What’s Driving Global Manufacturing Competitiveness?

Access to talent that supports innovation is the key factor driving global manufacturing competitiveness, well ahead of traditional factors such as materials costs and energy policies, according to a new report.

Industries and policymakers around the world are struggling with ways to recover from, or at least navigate, a still-volatile economic landscape. It is more important now than ever for countries to put into place the fundamentals underpinning economic growth and development.

According to a new report, access to talented workers capable of supporting innovation is the top factor driving global competitiveness in the manufacturing field today, more crucial than “classic” factors typically associated with competitive manufacturing such as materials and labor costs, energy policies and government investments.

In the 2010 Global Manufacturing Competitiveness Index, a joint report from Deloitte’s Global Manufacturing Industry group and the United States Council on Competitiveness, manufacturing executives identify talent-driven innovation — comprising both the quality and availability of a country’s brain trust — as the most important competitive driver.

“This includes its skilled workers, scientists, researchers, engineers, and teachers, who collectively have the capacity to continuously innovate and, simultaneously, improve production efficiency,” the report says. “Worldwide, manufacturing executives and governments consistently view their talented people as one of their greatest assets and as having the greatest potential for realizing this winning combination of outcomes.”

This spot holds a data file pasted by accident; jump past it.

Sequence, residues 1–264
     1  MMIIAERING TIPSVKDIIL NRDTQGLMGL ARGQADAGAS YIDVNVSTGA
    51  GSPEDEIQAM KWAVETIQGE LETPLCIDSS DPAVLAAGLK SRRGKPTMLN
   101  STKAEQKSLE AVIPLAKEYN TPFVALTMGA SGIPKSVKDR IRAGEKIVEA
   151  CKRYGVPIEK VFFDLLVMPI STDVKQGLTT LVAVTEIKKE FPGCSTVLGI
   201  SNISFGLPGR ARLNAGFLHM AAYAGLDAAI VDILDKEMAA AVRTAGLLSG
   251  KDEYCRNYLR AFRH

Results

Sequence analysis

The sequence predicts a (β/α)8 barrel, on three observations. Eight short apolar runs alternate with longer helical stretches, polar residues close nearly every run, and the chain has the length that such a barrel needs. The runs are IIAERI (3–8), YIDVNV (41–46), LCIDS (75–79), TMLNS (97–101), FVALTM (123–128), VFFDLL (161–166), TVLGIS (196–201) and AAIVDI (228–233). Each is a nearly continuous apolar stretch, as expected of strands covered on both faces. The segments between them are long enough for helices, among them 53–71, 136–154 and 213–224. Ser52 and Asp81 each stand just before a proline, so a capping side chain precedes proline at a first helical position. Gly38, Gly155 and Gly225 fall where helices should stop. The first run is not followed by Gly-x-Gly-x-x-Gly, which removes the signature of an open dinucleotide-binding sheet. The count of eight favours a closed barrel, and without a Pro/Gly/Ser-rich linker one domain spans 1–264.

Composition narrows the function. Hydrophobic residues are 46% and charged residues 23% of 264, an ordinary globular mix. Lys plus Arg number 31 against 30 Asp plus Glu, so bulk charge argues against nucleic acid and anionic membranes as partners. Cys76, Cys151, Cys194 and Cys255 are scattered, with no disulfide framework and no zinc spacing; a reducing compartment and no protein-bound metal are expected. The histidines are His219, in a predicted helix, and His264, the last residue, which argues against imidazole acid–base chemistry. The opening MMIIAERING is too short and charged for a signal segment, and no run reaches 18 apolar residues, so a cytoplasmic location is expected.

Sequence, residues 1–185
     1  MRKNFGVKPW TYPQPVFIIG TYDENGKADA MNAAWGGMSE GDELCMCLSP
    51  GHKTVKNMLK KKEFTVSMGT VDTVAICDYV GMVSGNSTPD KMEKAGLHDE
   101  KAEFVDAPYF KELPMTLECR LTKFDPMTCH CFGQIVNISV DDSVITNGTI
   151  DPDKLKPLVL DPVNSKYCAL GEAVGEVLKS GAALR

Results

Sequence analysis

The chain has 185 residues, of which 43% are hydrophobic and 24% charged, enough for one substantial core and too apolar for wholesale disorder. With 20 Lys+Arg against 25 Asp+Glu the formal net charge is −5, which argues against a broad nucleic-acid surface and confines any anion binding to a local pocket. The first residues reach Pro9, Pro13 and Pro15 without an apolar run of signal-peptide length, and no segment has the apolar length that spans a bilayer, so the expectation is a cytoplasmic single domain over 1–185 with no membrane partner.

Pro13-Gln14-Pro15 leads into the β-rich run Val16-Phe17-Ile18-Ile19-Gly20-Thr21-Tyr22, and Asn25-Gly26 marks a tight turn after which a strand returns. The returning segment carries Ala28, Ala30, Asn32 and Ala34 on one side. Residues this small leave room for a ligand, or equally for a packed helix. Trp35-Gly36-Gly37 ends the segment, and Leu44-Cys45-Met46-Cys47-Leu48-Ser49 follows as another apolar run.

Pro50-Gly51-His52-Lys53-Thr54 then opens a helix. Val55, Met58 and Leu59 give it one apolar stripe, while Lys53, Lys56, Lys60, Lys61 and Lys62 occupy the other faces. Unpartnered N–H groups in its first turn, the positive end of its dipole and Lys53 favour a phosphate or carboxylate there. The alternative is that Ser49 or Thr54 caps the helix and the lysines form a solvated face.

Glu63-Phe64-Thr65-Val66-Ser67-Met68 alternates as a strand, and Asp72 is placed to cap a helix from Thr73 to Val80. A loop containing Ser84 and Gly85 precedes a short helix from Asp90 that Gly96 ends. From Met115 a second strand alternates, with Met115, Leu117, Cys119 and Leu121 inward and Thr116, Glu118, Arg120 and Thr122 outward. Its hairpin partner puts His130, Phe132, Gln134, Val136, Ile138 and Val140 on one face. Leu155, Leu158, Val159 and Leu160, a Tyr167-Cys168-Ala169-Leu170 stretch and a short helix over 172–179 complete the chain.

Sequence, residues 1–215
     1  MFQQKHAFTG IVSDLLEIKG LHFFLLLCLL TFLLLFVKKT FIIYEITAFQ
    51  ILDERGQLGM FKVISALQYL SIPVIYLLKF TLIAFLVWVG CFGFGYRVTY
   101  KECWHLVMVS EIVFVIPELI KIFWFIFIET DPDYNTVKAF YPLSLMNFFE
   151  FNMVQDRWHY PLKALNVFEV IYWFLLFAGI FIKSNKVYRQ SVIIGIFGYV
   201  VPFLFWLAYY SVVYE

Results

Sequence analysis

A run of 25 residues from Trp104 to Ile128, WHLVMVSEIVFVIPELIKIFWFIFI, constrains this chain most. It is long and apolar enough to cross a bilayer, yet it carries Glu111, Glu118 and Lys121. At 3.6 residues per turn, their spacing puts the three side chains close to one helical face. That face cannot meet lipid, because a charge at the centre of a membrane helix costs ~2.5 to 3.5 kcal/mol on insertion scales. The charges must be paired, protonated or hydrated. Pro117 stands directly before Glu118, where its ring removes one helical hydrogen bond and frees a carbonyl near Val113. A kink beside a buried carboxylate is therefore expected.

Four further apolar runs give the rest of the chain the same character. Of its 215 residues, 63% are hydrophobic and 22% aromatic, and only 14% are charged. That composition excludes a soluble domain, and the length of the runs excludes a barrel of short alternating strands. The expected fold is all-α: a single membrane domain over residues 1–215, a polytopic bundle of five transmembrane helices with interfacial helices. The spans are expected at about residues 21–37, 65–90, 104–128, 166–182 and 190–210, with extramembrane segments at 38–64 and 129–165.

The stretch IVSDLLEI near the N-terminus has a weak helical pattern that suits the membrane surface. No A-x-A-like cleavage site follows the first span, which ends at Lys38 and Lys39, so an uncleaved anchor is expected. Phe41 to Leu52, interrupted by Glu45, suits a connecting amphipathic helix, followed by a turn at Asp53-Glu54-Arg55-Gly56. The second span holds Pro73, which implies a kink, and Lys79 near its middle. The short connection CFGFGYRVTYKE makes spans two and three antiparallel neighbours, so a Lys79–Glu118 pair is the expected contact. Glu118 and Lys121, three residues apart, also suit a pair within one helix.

The findings, released yesterday, are based on responses from more than 400 chief executive officers and senior manufacturing executives in late 2009 and early 2010. It also draws on select interviews with key manufacturing decision-makers.

The study claims that difficulties in accessing the right kind of talent are likely to contribute to the United States becoming less globally competitive in the next five years.

“A strong manufacturing sector is a crucial component of a country’s intellectual capital, innovation capacity, and economic prosperity,” James Quigley, CEO of Deloitte Touche Tohmatsu, said in an announcement of the findings. “In today’s environment, manufacturing competitiveness is driven by an empowered talent base, especially as manufacturers around the world integrate technology platforms and interfaces into their products.”

The other two competitive drivers rounding out the top three are:

  • Cost of labor and materials — “The overall cost of labor — including all costs of development, compliance and employee benefits, along with the total cost of materials, which include logistics costs and material availability — continues to be a critical driver of manufacturing competitiveness,” the report explains.
  • Energy costs and policies — As energy becomes scarce and countries compete to attain energy security and independence, the cost competitiveness of energy, and particularly country-specific clean and sustainable energy leadership, will be a prominent component of [national] manufacturing competitiveness,” according to the findings.